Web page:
It was the music, even more so than the food, that I thought made Randy’s special. Craig had dined here solo a few weeks ago when a guitarist and harmonica player were performing. This week a guitarist was singing old blues standards next to the bar and a small platform greeting new diners as they enter. The music was great, easy to listen to and ended too soon for my liking.

I would recommend attending on blues Thursdays, the music and Hennessy on anger ale really ties together an otherwise simple but satisfying dining experience.


Berber and Q Shawarma Bar

The Stats: Berber and Q Shawarma Bar

What we ordered:

To Drink: Two beers 
• Grains of Paradise Pale Ale created for the bar in London • Beruit Pilsner from Lebanon 

To Eat: an appetizer, a hummus, a side and 3 mezzes with pitta and bread to share
• Spiced Jaffa Olives 
• Iraqi Hummus with fried aubergine, amba, boiled eggs
• Cauliflower Shawarma
• Beetroot, whipped feta, hazelnuts
• Babaganoush, muhammara, walnuts 
• Ground lamb, black lime, tehina

Cost: ‎£53

After a week in Bristol, I took the MegaBus to London. It’s going to be my home for the next few months while Craig is on a work assignment there. My first night in London, my new city and what feels like a new chapter in our relationship, I met Craig at our hotel bar. I had walked from the District Blackfriar’s Tube stop and was tired and hungry. I had one of my favorite ciders: Swedish Rekorderlig Strawberry and Lime. I first tried Rekorderlig last May during our houseboat week on the Norfolk Broads and they do not disappoint. 

After taking my stuff up and changing into something more presentable than the teeshirt and leggings I wore on the bus, we waked over to Exmouth Market in Islington. The pedestrian-friendly street is teeming with hip restaurants, pubs, coffee houses and shops. Craig had his eye set on Berber and Q Shawarma Bar and it ended   being one of the best meals we’ve ever eaten together. 

The bar is tiled in white with “shawarma” and bowls of food written on the tiles in dry erase marker. The new Berber and Q cookbook is on sale at the bar for 25 quid. We had to wait a few minutes for a table and then got seated at the bar where we could watch the magic in the making cocktails with house-made vermouth and delicious eats. 

The cocktail and wine list are more extensive than the limited beer offerings. The Grains and Paradise ale with ginger and cardamom beat the listlessness of the Beirut lager (the middle east is not known for craft ale and I should have known better.) The Grains of Paradise is brewed in London and was created especially for Berber and Q. It’s delicious. 


One of the waiters sported a shirt in Helvetica reading: Disco and techno and deep house and Berber and Q. The soundtrack of house music enhanced the trendy vibe we felt as soon as we walked in. The momentum carried us through the olives which arrived first and through the mezze, or middle eastern salads, that made up the bulk of our meal. 

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Berber and Q Shawarma Bar opened in the summer of 2016 as a companion restaurant to the Berber and Q Grill House, which opened in 2015, brain children of chef Josh Katz. Our waiter strongly urged us to order the cauliflower shawarma and it was hands down the best cauliflower dish either of us has ever eaten. Grilled, yet still firm, the quarter head of veg is seasoned to perfection with four different sauces, pomegranate seeds, chopped parsley and a light whipped tahini sauce.  I never thought I would get excited about a cauliflower but the combination of firm crunch, spiced masala butter and light whipped tahini along with some of the slightly singed greens was quite a spectacle.  It looked great, decorated with copped parsley, bright ruby pomegranate fruit and rose petals. It tasted great, firm moist and spiced with the citrus relief of the passion fruit over the spiced masala mix, and you can even try to make it yourself.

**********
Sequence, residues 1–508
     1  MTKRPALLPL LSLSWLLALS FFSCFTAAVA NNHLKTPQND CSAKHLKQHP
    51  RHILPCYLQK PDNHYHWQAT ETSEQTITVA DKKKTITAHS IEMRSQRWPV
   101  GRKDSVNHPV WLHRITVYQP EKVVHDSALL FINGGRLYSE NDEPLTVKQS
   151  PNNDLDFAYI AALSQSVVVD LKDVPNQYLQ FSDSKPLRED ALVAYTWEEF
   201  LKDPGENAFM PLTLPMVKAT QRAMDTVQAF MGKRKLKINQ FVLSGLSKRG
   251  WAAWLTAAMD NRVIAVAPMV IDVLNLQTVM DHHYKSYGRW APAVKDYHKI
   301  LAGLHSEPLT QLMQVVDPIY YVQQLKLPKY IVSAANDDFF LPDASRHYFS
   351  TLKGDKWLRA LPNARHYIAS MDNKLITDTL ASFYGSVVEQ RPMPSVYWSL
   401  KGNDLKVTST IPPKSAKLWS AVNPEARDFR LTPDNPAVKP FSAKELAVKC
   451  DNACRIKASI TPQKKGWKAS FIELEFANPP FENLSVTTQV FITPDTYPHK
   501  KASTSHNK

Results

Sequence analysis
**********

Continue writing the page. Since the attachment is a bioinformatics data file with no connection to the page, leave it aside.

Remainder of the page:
The Iraqi hummus was also presented beautifully. Finely whipped, smooth spiced hummus with elements of texture provided by grilled aubergines, sliced boiled egg and sweet sharp pickles. Dashes of spiced chili oil and dustings of ground spices finished off the dish, redefining what a hummus should be, alternating layers of texture and flavour.

The beetroot and whipped feta gently fried cooked beets with the savoriness of the walnuts and sweet/tartness of pomegranate made every bite for this lactose intolerant foodie worth it. 

The ground lamb was tender and pulverised in such a way to make the perfect spread for hot pitta although it was a bit salty and honestly was put to shame by the vegetarian dishes we ordered. Babaganoush is my favorite mezze in general and while this one was good, it wasn’t as spectacular as some of the other dishes we ordered.  

On the whole the service was laid back and friendly and the food was impressive for the price and offered a good variety of dishes.  Avoid large mains and go for multiple small dishes and I’m sure you will not be disappointed.